- U Gambira, an activist monk, is released after being detained earlier Friday
- He was questioned at a military headquarters in Yangon, a fellow monk says
- U Gambira was released by the government last month along with other political prisoners
An activist monk detained by Myanmar authorities Friday was freed hours later after being questioned at a military base in Yangon, a fellow monk said Saturday.
U Gambira was taken away from a monastery in Yangon by about 10 men in plainclothes who said they were from the "Yangon Division," said U Thika, a monk who witnessed the events. His detainment occurred only weeks after he was released from years of imprisonment.
He was released again Friday night after being questioned at the military headquarters in Yangon about his personal and family information, according to Ashin Issariya, another monk at the Yangon monastery.
The detention of U Gambira comes after the Myanmar government has taken notable steps to improve its human rights record.
In recent weeks, the regime has pardoned hundreds of political prisoners, approved the participation of the pro-democracy leader Aung San Suu Kyi and her party in April elections, and pledged to pursue a peace deal with an ethnic rebel group.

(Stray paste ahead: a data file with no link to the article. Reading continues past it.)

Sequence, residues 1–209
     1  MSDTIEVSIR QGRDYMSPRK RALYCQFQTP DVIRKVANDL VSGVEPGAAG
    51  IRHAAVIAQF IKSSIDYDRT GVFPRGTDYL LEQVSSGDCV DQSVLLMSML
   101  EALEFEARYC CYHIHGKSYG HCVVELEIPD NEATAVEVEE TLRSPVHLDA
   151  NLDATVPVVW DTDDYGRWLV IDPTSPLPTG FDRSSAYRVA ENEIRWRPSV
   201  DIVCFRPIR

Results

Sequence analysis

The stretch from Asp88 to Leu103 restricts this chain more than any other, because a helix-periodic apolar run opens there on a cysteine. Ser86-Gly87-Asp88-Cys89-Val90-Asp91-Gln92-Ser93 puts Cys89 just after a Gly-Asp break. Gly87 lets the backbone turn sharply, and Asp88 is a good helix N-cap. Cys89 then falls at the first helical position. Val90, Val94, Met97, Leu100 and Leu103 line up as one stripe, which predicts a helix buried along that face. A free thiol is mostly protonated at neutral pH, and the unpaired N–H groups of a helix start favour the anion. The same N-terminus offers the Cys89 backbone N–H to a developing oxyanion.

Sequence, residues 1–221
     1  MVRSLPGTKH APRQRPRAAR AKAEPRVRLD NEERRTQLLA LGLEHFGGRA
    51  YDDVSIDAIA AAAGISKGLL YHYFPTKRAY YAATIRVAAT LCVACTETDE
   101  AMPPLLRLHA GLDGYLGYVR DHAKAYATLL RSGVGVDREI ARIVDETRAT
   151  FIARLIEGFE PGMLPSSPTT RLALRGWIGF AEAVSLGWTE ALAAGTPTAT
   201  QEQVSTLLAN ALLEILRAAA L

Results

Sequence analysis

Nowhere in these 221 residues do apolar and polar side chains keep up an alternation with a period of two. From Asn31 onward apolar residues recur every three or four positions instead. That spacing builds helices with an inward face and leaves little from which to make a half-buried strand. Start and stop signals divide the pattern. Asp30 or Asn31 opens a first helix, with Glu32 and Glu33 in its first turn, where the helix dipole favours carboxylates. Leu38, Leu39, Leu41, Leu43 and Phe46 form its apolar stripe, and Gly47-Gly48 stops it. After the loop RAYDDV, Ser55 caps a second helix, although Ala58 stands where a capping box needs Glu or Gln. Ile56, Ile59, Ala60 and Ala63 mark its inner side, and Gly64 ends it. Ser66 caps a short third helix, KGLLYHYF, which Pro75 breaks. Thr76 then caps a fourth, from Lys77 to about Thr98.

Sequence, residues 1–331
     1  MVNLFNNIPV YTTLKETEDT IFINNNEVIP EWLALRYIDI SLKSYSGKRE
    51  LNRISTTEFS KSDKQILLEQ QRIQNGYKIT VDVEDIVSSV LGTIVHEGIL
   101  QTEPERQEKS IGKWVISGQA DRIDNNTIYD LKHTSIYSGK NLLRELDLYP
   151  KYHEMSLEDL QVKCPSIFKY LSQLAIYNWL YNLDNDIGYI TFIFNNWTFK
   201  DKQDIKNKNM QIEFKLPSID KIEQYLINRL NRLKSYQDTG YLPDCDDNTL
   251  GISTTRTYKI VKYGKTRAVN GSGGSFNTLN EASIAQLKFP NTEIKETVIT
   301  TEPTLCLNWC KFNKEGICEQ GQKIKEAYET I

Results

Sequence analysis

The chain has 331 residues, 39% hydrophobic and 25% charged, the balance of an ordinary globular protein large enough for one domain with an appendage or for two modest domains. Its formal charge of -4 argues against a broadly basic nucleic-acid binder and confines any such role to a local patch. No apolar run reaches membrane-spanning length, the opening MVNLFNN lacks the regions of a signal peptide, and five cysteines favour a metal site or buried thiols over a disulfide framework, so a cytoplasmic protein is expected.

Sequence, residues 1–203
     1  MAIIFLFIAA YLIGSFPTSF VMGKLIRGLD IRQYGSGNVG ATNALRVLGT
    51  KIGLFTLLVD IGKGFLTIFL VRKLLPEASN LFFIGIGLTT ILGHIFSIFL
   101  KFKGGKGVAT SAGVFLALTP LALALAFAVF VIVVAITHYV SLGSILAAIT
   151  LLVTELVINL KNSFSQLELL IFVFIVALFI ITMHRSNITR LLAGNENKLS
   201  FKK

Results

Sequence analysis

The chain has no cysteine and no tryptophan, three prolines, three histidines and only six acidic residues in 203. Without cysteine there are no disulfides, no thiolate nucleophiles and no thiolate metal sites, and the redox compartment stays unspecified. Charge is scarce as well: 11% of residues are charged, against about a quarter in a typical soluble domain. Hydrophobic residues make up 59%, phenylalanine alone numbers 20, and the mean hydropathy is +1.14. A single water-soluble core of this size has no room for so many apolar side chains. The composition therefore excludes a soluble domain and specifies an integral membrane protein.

Western governments have applauded the effort, with the United States announcing in January that it would exchange ambassadors with Myanmar for the first time since 1988. That came after a visit to the country last month by Secretary of State Hillary Clinton, the first top U.S. diplomat in the nation in more than five decades.
U Gambira was one of the leaders of anti-government demonstrations that rallied tens of thousands of people in 2007. The Myanmar authorities cracked down on the demonstrations, clubbing and gassing protesters and arresting as many as 200 monks. He was released last month with other political prisoners.
U Thika said he believed the reason U Gambira had been taken away Friday may be related to a recent effort by U Gambira to break into his old monastery, which was locked after the 2007 protests.